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Georgia's Antidiscrimination Law Opposed By Church Comes Into Effect


Georgian Orthodox Patriarch Ilia says the legalization of "illegality is a huge sin" and it will be rejected by believers.
Georgian Orthodox Patriarch Ilia says the legalization of "illegality is a huge sin" and it will be rejected by believers.
Georgian President Giorgi Margvelashvili has signed an antidiscrimination bill into law.

The law went into force after it was published on the state online registry of legal acts on May 7.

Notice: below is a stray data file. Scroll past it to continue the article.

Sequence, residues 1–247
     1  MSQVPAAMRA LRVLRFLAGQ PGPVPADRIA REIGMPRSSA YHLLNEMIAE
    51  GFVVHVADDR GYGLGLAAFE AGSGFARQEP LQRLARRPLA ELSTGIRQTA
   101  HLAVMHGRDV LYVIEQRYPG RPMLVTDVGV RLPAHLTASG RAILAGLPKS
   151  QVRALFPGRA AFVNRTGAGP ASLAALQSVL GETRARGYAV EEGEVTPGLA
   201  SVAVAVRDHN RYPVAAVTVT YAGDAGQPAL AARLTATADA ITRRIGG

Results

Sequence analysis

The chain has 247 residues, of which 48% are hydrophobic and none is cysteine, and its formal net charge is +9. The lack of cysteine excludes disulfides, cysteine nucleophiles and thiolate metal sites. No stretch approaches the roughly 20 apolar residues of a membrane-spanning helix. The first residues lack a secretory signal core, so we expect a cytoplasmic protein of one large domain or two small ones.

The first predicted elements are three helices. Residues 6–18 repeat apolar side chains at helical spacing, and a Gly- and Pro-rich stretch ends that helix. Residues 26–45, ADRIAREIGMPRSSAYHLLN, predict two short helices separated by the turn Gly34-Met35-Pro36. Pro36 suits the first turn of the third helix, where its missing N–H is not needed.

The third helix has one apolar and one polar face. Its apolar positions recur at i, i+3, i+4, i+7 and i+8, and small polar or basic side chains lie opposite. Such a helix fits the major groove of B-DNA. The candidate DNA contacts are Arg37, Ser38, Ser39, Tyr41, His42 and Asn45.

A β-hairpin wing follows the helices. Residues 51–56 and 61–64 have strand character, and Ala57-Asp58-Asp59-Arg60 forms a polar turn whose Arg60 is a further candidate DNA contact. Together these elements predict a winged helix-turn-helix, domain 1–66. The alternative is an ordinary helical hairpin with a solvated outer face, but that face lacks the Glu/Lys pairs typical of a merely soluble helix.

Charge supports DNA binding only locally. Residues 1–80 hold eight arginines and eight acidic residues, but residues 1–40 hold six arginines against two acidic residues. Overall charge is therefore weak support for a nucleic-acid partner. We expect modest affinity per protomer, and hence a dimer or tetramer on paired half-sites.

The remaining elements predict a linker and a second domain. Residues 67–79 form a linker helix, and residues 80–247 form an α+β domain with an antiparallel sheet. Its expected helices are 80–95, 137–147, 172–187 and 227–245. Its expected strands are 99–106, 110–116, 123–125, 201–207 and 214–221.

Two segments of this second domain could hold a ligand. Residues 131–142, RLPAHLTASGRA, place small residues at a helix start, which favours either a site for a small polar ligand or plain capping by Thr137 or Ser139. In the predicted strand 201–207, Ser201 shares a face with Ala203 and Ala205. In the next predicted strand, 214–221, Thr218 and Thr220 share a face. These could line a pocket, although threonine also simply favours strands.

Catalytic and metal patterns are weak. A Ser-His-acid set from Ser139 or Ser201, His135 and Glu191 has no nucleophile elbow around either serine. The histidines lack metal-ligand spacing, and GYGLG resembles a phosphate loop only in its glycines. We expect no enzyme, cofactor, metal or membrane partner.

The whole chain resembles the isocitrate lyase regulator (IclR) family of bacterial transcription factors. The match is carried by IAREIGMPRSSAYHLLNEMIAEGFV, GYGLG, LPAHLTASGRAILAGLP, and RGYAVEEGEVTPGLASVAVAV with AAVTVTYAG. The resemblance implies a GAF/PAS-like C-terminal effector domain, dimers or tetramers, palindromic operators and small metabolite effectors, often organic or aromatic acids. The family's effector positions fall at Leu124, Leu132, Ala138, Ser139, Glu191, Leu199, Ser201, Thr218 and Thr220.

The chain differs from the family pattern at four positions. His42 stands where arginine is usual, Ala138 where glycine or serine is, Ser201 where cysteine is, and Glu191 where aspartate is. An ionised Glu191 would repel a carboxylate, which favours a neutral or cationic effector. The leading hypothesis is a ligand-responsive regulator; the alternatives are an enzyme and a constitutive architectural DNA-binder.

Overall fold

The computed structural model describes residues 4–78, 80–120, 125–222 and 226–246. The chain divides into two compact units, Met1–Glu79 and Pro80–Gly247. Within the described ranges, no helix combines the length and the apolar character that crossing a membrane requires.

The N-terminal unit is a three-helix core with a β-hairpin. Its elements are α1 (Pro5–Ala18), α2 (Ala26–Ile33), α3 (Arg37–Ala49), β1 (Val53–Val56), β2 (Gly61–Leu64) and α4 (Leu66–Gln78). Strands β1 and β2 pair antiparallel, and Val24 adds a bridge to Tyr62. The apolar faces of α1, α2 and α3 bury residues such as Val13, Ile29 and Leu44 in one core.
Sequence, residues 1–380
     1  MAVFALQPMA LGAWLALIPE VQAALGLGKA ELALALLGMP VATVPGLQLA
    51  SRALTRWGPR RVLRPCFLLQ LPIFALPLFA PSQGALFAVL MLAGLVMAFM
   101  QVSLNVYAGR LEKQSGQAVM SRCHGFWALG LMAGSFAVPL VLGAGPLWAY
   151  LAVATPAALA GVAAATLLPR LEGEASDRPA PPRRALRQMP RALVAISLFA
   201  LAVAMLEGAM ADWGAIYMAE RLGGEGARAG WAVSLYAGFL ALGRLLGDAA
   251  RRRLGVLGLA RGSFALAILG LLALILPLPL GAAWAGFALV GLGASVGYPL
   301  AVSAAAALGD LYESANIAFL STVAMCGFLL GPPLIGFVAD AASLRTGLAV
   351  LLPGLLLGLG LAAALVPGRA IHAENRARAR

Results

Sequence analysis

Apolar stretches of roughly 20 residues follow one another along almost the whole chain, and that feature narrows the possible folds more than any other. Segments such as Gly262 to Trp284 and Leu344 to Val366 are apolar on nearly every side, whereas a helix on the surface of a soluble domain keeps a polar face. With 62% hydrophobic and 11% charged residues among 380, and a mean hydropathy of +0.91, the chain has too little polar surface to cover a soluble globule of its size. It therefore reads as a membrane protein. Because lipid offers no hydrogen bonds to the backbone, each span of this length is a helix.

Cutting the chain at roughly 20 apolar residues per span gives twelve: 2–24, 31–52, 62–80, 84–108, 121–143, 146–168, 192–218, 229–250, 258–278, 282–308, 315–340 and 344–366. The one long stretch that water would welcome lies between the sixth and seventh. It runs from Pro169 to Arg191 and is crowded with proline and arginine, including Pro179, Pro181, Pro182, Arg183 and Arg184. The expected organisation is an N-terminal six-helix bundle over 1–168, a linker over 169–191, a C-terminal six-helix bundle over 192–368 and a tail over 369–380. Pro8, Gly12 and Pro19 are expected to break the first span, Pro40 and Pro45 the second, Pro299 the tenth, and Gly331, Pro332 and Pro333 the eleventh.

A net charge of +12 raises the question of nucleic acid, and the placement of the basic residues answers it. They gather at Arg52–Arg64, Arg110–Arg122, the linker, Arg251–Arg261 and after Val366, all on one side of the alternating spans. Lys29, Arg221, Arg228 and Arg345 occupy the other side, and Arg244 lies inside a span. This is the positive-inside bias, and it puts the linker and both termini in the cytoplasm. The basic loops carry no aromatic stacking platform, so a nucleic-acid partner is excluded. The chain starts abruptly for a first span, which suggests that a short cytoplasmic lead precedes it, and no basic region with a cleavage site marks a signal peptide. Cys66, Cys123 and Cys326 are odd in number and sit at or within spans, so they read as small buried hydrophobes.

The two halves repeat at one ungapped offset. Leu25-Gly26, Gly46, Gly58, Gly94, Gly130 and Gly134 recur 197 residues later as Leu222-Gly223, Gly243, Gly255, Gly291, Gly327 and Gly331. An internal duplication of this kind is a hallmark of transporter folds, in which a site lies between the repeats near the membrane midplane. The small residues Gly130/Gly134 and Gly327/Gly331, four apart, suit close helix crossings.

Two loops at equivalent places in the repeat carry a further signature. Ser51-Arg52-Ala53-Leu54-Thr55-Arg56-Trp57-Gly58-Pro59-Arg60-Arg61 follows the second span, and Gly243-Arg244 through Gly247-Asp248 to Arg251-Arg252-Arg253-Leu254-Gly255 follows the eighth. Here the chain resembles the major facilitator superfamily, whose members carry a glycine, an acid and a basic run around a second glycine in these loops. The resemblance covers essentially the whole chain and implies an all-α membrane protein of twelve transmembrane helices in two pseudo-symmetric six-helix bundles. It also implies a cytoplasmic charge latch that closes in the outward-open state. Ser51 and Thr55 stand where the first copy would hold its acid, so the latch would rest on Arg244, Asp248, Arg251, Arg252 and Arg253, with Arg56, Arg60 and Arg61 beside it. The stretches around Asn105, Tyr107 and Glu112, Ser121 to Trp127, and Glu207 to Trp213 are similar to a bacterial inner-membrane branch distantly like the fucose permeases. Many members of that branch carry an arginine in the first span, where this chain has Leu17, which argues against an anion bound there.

Meanwhile, on May 6, the head of the Georgian Orthodox Church, Patriarch Ilia II, said of the bill that the legalization of "illegality is a huge sin" and it will be rejected by believers, as it includes "sexual orientation" and "gender identity" on the list of prohibited grounds of discrimination.

The legislation was adopted by lawmakers on May 2.

Adoption of the antidiscrimination law is one of the requirements that Georgia has undertaken under its Visa Liberalization Action Plan in order to be granted short-term visa-free regime by the European Union.
With reporting by civil.ge

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